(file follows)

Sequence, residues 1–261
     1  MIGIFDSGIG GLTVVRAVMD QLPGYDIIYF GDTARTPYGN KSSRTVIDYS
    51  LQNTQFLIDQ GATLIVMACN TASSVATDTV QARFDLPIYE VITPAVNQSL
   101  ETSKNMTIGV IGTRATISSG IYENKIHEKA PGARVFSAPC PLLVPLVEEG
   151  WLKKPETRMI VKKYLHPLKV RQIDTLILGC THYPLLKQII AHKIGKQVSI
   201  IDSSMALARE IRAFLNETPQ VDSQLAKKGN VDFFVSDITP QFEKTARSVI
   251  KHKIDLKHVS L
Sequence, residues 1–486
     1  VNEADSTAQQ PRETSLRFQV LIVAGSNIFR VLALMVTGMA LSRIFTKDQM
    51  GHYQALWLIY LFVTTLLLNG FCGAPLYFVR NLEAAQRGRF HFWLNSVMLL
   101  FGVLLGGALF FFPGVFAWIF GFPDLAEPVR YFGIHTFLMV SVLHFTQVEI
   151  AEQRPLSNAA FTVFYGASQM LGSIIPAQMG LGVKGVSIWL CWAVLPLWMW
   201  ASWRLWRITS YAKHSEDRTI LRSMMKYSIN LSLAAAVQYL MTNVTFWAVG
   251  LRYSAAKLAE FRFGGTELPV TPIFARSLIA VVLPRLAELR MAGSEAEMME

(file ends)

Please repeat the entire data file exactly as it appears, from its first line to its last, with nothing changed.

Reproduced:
Sequence, residues 1–261
     1  MIGIFDSGIG GLTVVRAVMD QLPGYDIIYF GDTARTPYGN KSSRTVIDYS
    51  LQNTQFLIDQ GATLIVMACN TASSVATDTV QARFDLPIYE VITPAVNQSL
   101  ETSKNMTIGV IGTRATISSG IYENKIHEKA PGARVFSAPC PLLVPLVEEG
   151  WLKKPETRMI VKKYLHPLKV RQIDTLILGC THYPLLKQII AHKIGKQVSI
   201  IDSSMALARE IRAFLNETPQ VDSQLAKKGN VDFFVSDITP QFEKTARSVI
   251  KHKIDLKHVS L
Sequence, residues 1–486
     1  VNEADSTAQQ PRETSLRFQV LIVAGSNIFR VLALMVTGMA LSRIFTKDQM
    51  GHYQALWLIY LFVTTLLLNG FCGAPLYFVR NLEAAQRGRF HFWLNSVMLL
   101  FGVLLGGALF FFPGVFAWIF GFPDLAEPVR YFGIHTFLMV SVLHFTQVEI
   151  AEQRPLSNAA FTVFYGASQM LGSIIPAQMG LGVKGVSIWL CWAVLPLWMW
   201  ASWRLWRITS YAKHSEDRTI LRSMMKYSIN LSLAAAVQYL MTNVTFWAVG
   251  LRYSAAKLAE FRFGGTELPV TPIFARSLIA VVLPRLAELR MAGSEAEMME